MOSCOW - Russia’s military on Tuesday said that a soldier had killed himself while on duty in Syria, the first confirmed death of a serviceman in the war-torn country since Moscow launched its bombing campaign last month.
The defence ministry in Moscow did not identify the soldier who it said committed suicide but said the serviceman appeared to have taken his life due to problems with his girlfriend.
The announcement came after two people, including a person close to the family of a young soldier serving in Syria, told AFP he had died from unknown causes while on duty in the country, with one of the sources casting doubt on the idea that he might have killed himself.
AFP could not immediately verify if that serviceman, identified as 19-year-old Vadim Kostenko, a career soldier from the southern Krasnodar region, was the same as the one whose death was confirmed by the defence ministry.
The government’s quick confirmation of a death of a serviceman is hugely unusual and comes as world attention is focussed on Russia’s bombing campaign in its Soviet-era ally Syria.
“A contract soldier who served as a technical specialist at the Hmeimim airbase committed suicide while resting after his shift,” a defence ministry spokesperson said in a statement carried by Russian news agencies. The spokesperson said that text messages found on his phone suggested he took his own life because of relationship problems.
A person close to Kostenko’s family, who spoke to AFP by phone from Krasnodar, said that the cause of his death was unclear, adding that he had learned of Kostenko’s demise on Saturday
Grigory Donskikh, who served with Kostenko in Russia, went further saying he did not believe he had committed suicide.
“He is not someone who would take his own life,” he told AFP.
Kostenko is expected to be buried in the Krasnodar region on Wednesday.
Relatives and friends mourned his death in posts on VKontakte, Russia’s most popular social network.
“We remember, we love, we grieve,” a young woman identified as Katya Kostenko, Vadim’s sister, wrote on her page, alongside a photo of a uniformed soldier clutching a Kalashnikov.
Deaths from mishandling of weapons, hazing and suicides are not uncommon in militaries worldwide, and have been a persistent issue in the Russian army.
But experts say that the Russian defence ministry may also cite a suicide to conceal the true reason of a soldier’s death.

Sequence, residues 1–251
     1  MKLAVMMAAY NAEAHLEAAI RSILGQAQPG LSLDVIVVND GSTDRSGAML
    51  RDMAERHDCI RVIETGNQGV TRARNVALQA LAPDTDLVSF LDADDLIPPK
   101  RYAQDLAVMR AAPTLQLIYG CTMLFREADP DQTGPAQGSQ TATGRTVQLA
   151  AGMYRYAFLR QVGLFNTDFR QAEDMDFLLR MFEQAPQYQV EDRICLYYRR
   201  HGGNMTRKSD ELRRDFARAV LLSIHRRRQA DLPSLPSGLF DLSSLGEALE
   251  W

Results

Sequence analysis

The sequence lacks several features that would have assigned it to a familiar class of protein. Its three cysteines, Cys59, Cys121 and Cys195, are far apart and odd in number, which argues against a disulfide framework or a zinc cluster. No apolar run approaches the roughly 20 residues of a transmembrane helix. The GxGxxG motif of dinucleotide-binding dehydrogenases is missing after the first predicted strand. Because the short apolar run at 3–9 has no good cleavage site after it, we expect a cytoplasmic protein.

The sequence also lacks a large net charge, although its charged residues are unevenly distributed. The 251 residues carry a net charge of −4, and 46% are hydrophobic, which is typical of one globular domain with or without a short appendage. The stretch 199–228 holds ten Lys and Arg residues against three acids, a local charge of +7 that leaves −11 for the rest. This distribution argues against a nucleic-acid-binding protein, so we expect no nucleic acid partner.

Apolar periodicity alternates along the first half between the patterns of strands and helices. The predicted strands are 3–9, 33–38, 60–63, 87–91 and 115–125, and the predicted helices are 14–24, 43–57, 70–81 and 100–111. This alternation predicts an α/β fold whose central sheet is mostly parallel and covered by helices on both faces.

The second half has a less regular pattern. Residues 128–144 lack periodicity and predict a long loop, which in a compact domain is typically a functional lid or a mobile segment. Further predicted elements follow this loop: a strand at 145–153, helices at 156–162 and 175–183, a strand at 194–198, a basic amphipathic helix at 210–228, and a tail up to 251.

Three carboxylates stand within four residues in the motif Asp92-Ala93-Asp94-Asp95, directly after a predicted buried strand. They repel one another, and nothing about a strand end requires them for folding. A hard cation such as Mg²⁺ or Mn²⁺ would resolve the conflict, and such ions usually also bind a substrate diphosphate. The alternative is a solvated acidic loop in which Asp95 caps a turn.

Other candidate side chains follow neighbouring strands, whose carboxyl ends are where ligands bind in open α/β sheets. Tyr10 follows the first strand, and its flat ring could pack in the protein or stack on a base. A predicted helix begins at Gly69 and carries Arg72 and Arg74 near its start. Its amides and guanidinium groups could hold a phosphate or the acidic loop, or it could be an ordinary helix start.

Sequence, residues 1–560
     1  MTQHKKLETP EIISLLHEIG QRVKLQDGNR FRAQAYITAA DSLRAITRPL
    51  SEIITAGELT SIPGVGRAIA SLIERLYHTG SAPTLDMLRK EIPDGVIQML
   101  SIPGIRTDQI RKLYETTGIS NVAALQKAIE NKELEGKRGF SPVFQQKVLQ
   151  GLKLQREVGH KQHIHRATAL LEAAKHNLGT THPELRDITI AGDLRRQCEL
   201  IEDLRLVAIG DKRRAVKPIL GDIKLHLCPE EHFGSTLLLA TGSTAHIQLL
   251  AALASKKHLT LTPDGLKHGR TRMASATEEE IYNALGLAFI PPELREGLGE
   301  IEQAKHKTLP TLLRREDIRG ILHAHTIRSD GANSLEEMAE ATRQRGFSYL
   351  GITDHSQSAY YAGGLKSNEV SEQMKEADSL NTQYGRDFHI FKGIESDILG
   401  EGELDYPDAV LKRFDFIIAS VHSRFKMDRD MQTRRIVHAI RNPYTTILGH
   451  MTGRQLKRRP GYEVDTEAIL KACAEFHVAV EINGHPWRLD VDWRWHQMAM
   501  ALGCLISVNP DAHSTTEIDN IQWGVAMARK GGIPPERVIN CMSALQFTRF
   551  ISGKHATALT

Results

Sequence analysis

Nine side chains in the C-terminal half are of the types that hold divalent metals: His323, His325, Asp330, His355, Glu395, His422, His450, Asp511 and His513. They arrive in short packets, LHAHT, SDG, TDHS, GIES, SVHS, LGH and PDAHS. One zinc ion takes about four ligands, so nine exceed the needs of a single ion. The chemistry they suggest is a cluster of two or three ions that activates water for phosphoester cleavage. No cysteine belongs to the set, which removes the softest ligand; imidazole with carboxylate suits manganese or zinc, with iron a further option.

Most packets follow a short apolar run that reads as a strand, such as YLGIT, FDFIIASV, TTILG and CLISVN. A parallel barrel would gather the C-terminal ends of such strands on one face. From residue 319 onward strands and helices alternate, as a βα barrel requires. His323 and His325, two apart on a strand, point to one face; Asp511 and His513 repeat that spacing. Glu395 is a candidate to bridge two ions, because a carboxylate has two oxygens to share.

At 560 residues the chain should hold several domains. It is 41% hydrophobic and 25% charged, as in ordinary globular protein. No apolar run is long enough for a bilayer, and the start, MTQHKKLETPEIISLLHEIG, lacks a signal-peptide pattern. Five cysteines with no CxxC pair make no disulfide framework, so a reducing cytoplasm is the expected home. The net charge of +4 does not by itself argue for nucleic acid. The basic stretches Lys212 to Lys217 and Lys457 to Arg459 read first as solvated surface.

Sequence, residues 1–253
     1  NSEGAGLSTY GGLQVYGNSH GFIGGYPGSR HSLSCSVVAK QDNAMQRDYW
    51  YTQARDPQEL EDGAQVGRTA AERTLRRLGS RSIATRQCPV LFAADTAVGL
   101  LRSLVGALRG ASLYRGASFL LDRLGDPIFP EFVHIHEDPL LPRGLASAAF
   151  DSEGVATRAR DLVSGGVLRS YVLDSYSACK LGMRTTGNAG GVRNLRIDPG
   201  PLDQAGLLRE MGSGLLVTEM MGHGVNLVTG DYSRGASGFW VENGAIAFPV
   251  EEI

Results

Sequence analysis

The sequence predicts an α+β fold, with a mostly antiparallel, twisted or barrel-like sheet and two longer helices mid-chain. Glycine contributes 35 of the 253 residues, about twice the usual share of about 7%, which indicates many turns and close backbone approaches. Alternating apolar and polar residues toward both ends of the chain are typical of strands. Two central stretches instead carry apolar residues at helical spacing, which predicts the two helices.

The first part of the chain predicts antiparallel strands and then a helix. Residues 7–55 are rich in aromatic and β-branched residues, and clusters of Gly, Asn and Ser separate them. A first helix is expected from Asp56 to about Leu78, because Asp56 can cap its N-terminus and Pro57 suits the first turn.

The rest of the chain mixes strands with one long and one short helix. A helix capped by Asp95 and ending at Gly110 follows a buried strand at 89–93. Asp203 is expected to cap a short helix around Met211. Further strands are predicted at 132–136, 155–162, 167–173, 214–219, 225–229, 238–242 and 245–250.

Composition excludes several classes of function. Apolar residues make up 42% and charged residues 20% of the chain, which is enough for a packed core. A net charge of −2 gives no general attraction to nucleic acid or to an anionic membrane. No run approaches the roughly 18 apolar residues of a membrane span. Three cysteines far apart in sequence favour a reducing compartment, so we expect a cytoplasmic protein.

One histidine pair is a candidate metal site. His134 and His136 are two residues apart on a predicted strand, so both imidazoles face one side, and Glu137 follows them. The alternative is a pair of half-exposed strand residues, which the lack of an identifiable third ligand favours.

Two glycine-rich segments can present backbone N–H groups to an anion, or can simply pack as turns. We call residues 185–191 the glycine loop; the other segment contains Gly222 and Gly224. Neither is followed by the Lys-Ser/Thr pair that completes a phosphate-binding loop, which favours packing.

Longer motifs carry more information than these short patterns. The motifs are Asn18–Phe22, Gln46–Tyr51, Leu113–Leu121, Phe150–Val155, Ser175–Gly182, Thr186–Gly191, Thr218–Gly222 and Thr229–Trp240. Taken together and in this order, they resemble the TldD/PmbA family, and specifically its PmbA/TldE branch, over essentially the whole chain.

“We have repeatedly seen a situation where a family of a dead soldier is told that their son committed suicide ostensibly because of relationship problems,” Anna Kashirtseva, spokeswoman for the Mother’s Right group, told AFP.
Genuine suicides are rare, with servicemen instead coming under “physical and psychological pressure” in most of the cases, she said.
The defence ministry did not respond to a request for comment from AFP.
On September 30, Russia launched a bombing campaign in Syria, saying it needed to target Islamic State militants.
Russian warplanes have carried out sorties from the Hmeimim airbase and Russian servicemen are based there to help service the aircraft, among other tasks.
Russia insists that its ground troops are not taking part in combat operations in Syria and there have been no official reports of any servicemen dying in combat in the war-torn country.
A member of the Kremlin’s rights council, who advocates for the rights of soldiers and works with the defence ministry, said he was not aware of Kostenko’s death.
But the rights activist, Sergei Krivenko, said that his defence ministry sources told him “about 10 days ago” that a Russian soldier had died “at the base” in Syria.
“It was either an illness or trauma,” Krivenko, the head of the Citizen and the Army group, told AFP.
On Friday, The Wall Street Journal reported that one Russian soldier had died in Syria “due to careless handling of weaponry.”
Officials have previously denied accusations from Kiev and the West that it sent regular troops to eastern Ukraine to prop up pro-Kremlin insurgents.
The state enforced a virtual blackout on reports of Russian soldier deaths in Ukraine despite reports to the contrary including funerals of soldiers.
This summer, the Kremlin signed off on a law making all military deaths a state secret.
Russia’s entry into the multi-front conflict in Syria is Moscow’s first major military involvement outside the former Soviet Union since the occupation of Afghanistan in 1979.